Home to some of the area’s earliest residents, the Black Creek Indian Site in Vernon, New Jersey, includes more than 6,000 artifacts representing 10,000 years of occupation.
For over a decade, members of the Vernon Township Historical Society have worked with the Nanticoke Lenni-Lenape Indians of New Jersey to preserve, protect, and promote the Black Creek Site. The Society’s interpretive plan and cultural resource program involve close collaboration with local residents and state and national officials. The program includes regular monitoring and maintenance, the installation of explanatory signage, and the creation of a walking path through the site. It also includes education and outreach initiatives targeting school groups, community organizations, and the public. Thousands of students have benefited from the Society’s education programs about the Lenape Indians and Black Creek through lesson plans integrated into local school curricula, guided tours, and hands-on learning opportunities.
Working with the Lenape and other local residents, the Society successfully nominated the Black Creek Site for inclusion in the New Jersey and National Registers of Historic Places. As steward of the site, the Society is taking a comprehensive and multifaceted approach to preserving a wonderful and important resource for future generations. The Society’s interpretive plan provides an aspirational model for other site stewards and represents the best practices that the AIA promotes through its Site Preservation Program— efforts that combine sustainable heritage preservation with local community involvement.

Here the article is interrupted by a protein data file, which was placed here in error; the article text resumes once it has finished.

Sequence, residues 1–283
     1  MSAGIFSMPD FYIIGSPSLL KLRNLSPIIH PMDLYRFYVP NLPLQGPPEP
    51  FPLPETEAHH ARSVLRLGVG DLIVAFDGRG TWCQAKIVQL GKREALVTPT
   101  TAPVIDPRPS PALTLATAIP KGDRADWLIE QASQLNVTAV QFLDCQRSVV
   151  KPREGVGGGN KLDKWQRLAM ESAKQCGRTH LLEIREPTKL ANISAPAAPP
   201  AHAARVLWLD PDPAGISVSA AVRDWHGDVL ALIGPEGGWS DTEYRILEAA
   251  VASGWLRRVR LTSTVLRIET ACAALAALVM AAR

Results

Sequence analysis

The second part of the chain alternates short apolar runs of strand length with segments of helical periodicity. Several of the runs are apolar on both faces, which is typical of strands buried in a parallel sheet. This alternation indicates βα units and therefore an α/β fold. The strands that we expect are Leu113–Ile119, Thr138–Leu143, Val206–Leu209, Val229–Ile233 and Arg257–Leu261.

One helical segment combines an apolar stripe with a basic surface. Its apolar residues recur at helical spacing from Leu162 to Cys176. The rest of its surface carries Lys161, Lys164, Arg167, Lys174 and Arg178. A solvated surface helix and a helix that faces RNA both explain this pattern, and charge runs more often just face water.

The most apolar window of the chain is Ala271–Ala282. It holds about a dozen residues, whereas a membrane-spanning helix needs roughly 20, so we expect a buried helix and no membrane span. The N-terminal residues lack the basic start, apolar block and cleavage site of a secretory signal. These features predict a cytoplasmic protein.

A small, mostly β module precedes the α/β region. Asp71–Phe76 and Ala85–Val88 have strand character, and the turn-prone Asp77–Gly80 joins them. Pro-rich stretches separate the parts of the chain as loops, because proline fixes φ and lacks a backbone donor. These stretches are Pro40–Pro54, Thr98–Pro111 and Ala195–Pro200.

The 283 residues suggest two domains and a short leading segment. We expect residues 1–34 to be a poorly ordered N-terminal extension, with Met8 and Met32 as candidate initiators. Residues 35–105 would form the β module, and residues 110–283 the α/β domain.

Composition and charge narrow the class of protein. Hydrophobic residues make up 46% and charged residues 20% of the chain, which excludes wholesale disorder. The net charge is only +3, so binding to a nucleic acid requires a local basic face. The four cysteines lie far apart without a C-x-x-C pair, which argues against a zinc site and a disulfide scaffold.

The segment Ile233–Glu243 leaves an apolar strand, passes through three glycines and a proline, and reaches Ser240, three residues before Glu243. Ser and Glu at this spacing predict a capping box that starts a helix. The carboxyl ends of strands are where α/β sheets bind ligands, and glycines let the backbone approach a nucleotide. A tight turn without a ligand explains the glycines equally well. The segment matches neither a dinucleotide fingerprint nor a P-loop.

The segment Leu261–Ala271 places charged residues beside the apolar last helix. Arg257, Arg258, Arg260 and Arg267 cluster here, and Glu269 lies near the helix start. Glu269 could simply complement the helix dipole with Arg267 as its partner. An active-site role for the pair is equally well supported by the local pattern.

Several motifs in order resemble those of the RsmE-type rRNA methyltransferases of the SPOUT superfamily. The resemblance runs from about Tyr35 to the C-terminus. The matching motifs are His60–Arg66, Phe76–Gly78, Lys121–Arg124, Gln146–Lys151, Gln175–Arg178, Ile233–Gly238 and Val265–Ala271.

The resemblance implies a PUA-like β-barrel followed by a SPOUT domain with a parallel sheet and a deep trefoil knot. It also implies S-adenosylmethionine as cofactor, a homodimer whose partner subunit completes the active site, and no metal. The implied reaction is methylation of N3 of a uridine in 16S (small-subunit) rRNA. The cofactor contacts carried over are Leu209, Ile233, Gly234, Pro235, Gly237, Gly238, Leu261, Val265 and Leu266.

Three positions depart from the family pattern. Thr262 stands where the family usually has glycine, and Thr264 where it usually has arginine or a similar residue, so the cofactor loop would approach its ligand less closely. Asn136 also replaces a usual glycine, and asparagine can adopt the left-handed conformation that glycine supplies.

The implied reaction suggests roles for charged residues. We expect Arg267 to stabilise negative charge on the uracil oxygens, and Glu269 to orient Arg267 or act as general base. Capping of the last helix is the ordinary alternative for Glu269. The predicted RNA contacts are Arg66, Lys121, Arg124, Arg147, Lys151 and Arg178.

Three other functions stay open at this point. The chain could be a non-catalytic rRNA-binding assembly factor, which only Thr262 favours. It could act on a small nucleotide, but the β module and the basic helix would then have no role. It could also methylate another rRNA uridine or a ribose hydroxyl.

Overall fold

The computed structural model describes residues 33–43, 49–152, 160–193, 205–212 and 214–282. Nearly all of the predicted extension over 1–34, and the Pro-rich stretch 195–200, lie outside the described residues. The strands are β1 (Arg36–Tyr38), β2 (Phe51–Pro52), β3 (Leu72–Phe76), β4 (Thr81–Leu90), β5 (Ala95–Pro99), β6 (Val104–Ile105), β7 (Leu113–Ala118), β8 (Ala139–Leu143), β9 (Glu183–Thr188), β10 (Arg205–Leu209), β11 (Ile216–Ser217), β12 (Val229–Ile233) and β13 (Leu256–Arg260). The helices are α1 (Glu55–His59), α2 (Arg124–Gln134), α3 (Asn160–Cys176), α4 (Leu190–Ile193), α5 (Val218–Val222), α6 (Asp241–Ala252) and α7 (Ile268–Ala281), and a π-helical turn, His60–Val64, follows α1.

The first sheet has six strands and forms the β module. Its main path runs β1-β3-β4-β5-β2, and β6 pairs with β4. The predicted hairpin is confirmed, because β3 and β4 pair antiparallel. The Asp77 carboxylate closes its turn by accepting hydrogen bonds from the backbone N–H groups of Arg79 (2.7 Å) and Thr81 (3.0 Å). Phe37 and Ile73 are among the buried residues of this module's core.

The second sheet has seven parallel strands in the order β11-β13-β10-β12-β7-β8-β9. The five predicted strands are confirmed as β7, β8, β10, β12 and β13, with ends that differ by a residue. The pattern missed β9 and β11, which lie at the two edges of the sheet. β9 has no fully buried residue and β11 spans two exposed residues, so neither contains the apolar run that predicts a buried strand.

About 4,000 people attended the first Black Creek Festival.
An archaeology study at Black Creek (Archaeologist Dr. Cara Blume in blue with hat, on left)
The community dancing at a Black Creek Festival
Lenape expert and archaeologist John Kraft, son of Herbert Kraft, does an archaeology study at Black Creek.
A drum circle during one of the Black Creek festivals
Lenape Indian Chiefs from Delaware and NJ at Black Creek
Steve King of North Dakota, a Lakota Sioux Indian, visits us at the Black Creek Site
May 1, 2016
2016 Award for Best Practices in Site Preservation Presented to Historical Society in Vernon, New Jersey; Conservation and Heritage Management Award Presented to the City of Toronto and ASI; AIA Holds Second Conference for Heritage Educators in San Francisco; AIA Award Winners
The AIA is North America's largest and oldest nonprofit organization dedicated to archaeology. The Institute advances awareness, education, fieldwork, preservation, publication, and research of archaeological sites and cultural heritage throughout the world. Your contribution makes a difference.